Today's Chicago Tribune has a startlingly strong op-ed, in which the paper advocates a recall vote to take Gov. Rod Blagojevich out of office.
Given the multiple ineptitudes of Rod Blagojevich -- his reckless financial stewardship, his dictatorial antics, his penchant for creating political enemies -- should citizens create a new way to terminate a chief executive who won't, or can't, do his job? [...]
The bill of particulars against Rod Blagojevich is numbingly familiar. His is a legacy of federal and state investigations of alleged cronyism and corruption in the steering of pension fund investments to political donors, in the subversion of state hiring laws, in the awarding of state contracts, in matters as personal as that mysterious $1,500 check made out to the governor's then-7-year-old daughter by a friend whose wife had been awarded a state job.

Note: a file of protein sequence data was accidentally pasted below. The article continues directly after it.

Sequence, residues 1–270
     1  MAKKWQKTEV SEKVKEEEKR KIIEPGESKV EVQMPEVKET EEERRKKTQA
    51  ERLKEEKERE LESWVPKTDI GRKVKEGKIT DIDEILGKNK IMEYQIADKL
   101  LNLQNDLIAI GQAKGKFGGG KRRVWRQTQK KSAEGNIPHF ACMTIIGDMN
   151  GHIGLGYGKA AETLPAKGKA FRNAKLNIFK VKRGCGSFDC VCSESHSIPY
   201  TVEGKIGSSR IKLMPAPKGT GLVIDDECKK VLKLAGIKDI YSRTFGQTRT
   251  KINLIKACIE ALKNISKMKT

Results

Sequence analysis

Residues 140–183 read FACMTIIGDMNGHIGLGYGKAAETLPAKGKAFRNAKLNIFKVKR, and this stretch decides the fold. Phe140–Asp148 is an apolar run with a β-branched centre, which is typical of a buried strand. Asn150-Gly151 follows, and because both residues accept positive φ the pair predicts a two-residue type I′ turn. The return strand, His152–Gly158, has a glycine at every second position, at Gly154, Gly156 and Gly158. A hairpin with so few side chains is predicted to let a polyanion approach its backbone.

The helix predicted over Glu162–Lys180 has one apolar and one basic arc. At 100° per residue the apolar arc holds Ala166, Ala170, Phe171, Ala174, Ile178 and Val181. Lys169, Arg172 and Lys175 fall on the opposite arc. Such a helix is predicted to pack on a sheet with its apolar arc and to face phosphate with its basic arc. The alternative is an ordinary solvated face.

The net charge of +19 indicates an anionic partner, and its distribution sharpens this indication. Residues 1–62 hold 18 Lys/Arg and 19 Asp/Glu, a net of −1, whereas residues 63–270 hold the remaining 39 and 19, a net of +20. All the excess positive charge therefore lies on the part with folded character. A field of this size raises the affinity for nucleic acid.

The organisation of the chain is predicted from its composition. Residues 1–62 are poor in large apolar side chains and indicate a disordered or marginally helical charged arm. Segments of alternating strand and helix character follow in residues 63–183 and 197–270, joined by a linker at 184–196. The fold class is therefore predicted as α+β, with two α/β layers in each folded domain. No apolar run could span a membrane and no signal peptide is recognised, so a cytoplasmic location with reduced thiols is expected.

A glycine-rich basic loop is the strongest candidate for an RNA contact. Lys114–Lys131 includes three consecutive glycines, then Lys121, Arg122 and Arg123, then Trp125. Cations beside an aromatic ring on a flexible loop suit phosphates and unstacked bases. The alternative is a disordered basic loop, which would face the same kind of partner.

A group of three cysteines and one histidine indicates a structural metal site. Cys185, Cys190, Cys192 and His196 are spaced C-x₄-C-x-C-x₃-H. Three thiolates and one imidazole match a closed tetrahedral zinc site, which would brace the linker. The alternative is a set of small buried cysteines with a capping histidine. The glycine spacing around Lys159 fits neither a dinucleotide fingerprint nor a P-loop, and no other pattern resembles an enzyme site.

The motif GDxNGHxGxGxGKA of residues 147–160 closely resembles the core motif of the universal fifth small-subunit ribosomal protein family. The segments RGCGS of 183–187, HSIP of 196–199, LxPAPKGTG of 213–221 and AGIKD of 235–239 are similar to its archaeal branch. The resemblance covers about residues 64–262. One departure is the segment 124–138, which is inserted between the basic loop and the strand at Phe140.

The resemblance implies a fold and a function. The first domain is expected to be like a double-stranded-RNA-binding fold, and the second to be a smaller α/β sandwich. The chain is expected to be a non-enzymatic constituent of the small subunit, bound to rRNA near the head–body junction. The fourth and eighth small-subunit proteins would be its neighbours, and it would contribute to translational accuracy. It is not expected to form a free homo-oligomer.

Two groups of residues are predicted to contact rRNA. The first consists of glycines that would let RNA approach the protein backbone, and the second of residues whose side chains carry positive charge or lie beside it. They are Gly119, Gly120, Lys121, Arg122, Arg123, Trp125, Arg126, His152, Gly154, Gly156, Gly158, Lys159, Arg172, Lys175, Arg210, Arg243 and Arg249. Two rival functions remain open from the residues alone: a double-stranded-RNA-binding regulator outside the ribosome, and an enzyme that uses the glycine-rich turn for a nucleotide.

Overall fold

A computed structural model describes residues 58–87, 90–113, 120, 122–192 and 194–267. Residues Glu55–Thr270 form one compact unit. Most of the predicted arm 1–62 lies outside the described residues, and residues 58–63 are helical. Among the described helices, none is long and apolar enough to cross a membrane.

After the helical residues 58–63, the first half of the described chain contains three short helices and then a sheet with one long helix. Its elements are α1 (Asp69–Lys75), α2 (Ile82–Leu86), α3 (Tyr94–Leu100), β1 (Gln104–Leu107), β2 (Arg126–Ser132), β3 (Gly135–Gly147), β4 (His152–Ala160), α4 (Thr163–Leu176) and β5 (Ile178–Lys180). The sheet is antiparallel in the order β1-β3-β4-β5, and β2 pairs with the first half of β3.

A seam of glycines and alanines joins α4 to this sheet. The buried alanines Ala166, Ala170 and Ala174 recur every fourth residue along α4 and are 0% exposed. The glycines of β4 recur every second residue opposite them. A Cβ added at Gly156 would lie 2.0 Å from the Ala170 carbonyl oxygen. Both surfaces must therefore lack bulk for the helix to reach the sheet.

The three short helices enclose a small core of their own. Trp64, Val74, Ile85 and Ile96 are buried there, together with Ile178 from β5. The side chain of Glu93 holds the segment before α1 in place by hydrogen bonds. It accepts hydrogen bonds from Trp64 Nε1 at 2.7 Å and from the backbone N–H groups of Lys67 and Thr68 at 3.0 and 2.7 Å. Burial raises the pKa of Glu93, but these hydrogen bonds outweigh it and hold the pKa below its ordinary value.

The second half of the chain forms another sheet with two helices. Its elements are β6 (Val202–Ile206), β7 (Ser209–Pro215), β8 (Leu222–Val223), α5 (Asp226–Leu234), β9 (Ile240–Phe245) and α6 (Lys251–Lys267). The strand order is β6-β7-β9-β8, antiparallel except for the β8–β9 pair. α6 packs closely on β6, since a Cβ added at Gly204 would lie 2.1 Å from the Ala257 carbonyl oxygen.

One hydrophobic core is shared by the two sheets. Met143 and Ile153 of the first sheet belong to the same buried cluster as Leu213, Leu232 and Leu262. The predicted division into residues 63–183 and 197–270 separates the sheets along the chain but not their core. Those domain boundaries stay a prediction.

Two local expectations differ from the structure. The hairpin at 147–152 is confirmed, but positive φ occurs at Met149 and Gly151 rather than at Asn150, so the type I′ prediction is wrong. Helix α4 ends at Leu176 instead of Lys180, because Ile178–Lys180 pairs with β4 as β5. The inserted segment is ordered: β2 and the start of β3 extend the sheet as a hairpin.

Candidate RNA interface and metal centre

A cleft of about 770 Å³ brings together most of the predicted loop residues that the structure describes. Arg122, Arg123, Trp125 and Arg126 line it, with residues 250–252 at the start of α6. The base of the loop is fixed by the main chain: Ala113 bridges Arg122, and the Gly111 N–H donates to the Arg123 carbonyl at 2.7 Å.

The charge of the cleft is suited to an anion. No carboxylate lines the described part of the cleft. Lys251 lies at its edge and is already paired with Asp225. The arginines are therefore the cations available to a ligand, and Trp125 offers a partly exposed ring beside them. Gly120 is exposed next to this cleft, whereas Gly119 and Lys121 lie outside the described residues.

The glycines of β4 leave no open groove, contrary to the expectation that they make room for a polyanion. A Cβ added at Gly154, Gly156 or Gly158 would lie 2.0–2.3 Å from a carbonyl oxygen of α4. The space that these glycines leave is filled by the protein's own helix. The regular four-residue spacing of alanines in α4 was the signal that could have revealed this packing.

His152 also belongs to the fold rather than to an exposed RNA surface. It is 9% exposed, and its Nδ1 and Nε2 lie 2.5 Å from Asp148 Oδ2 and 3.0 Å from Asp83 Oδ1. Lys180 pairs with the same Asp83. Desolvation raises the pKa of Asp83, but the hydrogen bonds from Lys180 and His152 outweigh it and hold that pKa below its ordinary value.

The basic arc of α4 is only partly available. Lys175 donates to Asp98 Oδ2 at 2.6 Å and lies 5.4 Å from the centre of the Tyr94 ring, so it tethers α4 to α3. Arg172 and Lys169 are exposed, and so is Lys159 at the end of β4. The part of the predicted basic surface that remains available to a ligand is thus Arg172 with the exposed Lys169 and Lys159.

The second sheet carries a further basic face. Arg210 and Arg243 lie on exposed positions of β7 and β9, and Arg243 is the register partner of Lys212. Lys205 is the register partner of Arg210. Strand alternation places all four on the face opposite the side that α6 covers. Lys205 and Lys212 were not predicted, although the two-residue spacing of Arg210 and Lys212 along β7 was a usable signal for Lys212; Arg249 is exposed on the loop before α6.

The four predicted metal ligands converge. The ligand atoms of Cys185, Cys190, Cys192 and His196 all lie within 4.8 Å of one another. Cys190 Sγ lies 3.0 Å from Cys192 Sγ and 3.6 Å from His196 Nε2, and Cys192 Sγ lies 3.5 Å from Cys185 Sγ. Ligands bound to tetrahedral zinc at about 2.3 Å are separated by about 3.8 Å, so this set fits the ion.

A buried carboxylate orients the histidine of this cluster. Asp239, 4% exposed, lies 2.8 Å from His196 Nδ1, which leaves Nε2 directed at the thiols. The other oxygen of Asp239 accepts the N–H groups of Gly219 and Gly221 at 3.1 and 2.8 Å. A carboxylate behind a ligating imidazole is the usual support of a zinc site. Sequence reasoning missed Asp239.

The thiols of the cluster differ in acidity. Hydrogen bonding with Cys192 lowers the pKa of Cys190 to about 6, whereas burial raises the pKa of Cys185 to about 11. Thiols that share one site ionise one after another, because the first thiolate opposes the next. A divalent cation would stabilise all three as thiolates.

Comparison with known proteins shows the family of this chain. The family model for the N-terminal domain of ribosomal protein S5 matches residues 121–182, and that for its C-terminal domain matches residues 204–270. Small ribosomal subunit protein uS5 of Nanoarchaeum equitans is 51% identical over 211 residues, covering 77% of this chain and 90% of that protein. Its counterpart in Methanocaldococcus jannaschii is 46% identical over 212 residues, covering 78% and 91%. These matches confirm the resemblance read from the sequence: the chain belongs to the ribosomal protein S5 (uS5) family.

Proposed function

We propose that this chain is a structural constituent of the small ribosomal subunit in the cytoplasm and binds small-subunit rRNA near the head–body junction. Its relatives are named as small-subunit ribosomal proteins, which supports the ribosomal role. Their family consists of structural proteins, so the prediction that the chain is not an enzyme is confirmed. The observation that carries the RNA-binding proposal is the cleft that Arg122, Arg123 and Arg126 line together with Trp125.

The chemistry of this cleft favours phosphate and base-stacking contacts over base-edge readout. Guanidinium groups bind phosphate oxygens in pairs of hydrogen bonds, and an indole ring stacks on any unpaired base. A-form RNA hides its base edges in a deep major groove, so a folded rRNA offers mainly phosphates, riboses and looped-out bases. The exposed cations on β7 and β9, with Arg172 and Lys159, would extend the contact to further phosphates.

Presented this year with an extraordinary opportunity -- his Democratic Party controlling both houses of the Illinois General Assembly -- Blagojevich has squandered what should have been a leadership moment: He is governor of a state in desperate need of more accountability in its public schools, of a new tax formula for funding those schools, of a meaningful attack on its swelling pension indebtedness. Today Illinois has ... solutions to none of the above.
Problem? Illinois doesn't have a recall mechanism in its constitution. But the Trib thinks it ought to.
The editorial notes that gubernatorial recalls have been extremely rare. In fact, only two governors have ever been recalled: North Dakota's Lynn Frazier 1921 and, uh, that other guy.
So is this an option citizens in every state should have? Should every governor, in addition to running for re-election, be required to face the possibility of a recall?